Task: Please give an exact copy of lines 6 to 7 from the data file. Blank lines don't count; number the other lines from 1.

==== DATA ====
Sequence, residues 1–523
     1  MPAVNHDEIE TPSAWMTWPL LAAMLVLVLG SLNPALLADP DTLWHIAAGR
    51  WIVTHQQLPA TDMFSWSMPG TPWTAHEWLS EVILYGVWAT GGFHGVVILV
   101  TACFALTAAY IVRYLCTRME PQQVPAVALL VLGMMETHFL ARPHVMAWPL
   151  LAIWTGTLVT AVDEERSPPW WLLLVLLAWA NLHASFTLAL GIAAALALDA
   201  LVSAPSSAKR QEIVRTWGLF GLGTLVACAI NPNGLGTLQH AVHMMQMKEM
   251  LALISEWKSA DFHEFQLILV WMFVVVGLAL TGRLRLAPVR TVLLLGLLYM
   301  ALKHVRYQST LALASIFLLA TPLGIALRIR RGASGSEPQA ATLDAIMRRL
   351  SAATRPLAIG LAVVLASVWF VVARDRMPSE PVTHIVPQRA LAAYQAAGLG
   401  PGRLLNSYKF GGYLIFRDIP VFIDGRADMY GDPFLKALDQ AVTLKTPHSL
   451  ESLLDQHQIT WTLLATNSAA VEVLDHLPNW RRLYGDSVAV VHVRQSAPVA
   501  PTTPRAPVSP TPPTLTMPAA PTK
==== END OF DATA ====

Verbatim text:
   201  LVSAPSSAKR QEIVRTWGLF GLGTLVACAI NPNGLGTLQH AVHMMQMKEM
   251  LALISEWKSA DFHEFQLILV WMFVVVGLAL TGRLRLAPVR TVLLLGLLYM